Series AA 346/4 comprises 23 numbered metal file drawers containing cards on which data has been recorded. The cards measure 20.5 cm x 12.7 cm (5 x 8 inches).
The data recorded on these cards is the results of observations, measurements, enquiries and tests by members of the Board for Anthropological Research (BAR) expedition teams. The Australian Aboriginal people encountered or gathered on a particular expedition were the subjects of the BAR's research. For discussion of the BAR's operations, research interests and methodology, see: PG Jones, 1987, 'South Australian anthropological history: the Board for Anthropological research and its early expeditions', Records of the South Australian Museum, 20: 71-92.
Within Series AA 346/4, cards are ordered by BAR expedition, with the exception of some groups of cards relating to South Australia which are located at the beginning of the series. From the late 1920s, cards are further grouped into 'Sociological Data' and 'Anthropological Data'. Typically, the Sociological Data cards record information about an individual including names, birthplace, age, sex, tribe/language group, and similar data about the individual's close kin, as well as photographs of the individual. Anthropological data cards record basic individual details and a range of physical measurements and observations ('anthropometric data'). Note that the format of the data cards varies over time, as does the range of measurements, observations, and enquiries undertaken. Note that not all data recorded on cards was recorded at the time of an expedition - some sets appear to have been compiled later from published data. Many cards have later annotations (especially relating to tribal/language group names). The data on the cards has been recorded by various hands. Note also that cards in any given series have been completed to varying levels of detail.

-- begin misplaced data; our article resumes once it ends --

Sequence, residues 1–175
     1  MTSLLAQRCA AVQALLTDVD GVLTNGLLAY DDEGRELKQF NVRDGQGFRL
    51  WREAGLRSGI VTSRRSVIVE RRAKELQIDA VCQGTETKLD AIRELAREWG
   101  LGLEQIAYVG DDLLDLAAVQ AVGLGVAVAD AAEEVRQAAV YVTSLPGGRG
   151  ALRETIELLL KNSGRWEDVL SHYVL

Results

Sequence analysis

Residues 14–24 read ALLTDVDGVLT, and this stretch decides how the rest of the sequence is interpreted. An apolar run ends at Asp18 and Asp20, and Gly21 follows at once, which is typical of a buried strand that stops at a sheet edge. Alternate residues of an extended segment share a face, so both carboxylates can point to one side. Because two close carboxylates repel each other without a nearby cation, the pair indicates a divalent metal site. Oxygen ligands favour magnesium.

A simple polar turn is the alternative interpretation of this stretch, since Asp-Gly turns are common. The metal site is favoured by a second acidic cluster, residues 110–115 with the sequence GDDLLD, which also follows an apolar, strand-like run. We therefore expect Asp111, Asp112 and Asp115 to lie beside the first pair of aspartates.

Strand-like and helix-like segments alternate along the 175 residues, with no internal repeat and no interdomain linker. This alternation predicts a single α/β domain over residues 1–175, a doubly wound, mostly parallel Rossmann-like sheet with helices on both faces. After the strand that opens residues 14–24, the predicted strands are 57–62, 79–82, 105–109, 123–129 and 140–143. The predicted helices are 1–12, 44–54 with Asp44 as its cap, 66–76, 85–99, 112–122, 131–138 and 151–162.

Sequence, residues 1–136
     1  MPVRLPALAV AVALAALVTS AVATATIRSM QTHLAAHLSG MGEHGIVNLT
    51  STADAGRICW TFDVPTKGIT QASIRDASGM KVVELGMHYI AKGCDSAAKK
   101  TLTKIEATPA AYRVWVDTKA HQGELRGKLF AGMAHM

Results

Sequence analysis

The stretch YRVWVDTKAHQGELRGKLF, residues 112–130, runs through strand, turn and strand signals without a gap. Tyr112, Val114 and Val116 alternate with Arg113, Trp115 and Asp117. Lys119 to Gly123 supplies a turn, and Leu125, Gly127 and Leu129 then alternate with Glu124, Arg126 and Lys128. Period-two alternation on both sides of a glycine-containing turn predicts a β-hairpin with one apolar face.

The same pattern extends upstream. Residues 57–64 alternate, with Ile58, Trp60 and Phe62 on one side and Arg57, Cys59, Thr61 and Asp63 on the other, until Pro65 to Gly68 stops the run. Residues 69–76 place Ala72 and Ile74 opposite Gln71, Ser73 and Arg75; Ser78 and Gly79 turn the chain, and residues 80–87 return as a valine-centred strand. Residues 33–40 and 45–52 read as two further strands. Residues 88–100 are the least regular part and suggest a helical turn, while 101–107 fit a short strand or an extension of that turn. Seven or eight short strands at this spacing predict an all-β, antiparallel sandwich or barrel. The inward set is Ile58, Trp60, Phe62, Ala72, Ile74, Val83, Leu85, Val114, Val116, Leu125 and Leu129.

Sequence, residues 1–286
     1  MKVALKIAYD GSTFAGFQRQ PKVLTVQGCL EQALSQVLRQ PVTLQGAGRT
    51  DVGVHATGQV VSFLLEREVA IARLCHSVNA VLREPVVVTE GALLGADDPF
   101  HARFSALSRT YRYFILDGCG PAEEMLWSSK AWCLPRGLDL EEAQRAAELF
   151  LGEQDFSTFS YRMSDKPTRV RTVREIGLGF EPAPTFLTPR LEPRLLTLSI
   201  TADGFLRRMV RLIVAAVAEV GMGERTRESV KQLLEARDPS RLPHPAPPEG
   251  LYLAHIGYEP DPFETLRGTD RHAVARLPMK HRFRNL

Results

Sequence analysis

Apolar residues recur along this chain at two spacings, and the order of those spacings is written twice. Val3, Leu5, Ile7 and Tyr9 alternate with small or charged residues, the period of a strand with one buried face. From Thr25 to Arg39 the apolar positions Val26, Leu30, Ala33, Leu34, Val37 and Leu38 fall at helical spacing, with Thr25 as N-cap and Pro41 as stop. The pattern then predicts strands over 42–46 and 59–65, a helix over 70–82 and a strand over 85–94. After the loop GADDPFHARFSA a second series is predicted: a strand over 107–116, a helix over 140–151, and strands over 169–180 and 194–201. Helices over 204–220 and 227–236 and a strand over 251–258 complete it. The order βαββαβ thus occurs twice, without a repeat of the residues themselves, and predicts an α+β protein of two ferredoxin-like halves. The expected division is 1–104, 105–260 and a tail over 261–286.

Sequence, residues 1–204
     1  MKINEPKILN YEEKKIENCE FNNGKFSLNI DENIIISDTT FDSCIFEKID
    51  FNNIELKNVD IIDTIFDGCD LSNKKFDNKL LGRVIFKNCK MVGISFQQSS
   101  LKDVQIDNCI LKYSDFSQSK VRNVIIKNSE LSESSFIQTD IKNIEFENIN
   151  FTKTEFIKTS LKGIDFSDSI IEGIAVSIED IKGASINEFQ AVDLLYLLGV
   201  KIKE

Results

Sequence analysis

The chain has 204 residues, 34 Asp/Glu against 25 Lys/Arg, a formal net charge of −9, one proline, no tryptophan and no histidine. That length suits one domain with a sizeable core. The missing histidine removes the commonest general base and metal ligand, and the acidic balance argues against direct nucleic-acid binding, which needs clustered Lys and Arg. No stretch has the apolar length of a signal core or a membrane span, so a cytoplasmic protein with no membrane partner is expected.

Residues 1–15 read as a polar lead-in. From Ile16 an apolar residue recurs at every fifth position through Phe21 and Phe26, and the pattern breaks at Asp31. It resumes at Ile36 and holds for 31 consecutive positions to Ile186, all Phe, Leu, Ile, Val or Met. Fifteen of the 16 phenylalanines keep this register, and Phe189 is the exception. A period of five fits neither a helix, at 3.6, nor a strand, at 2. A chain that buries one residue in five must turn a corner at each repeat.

The method adopted by BAR expeditions to undertake research and record the results involved assigning a unique number to each individual (here called 'individual subject number'). This number was given the expedition symbol as a prefix, and remained consistent throughout the research (for example: D24). Cards within each series are ordered by these numbers. The numerical sequence usually begins with the men of a group, followed by the women, and finally children. In general, there is more data recorded on the men.
These cards are a primary reference for understanding the BAR's work.They are also a primary reference for identifying individuals who were subjects of the BAR's research, and cross-references can be made using (individual subject) numbers to other information collected by BAR members, including genealogies (AA 346/5), papers, entries in journals and so on.
Note that the data cards contain many variant spellings of tribal/language group names, some of which appear to have been recorded in the field, and some of which have been added or amended at a later date, often by NB Tindale (see AA 338). In the descriptions here the various terms and spellings have been reproduced, with what appear to be amendments noted in square brackets. It has not been possible in all cases to supply corresponding tribal/language group names according to standardised spellings adopted by NB Tindale (see AA 338) and AIATSIS (Australian Institute of Aboriginal and Torres Strait Islander Studies). Note that the language group of the numbered individual is listed in the inventory descriptions which follow; some cards also include this information for kin of the individual.
Note that some draft data cards are in Series AA 346/3.
Note also that there are data cards in the Birdsell collection, AA 689/9. As these cards contain differing data from those in AA 346/4, comparison of the relevant sets is recommended.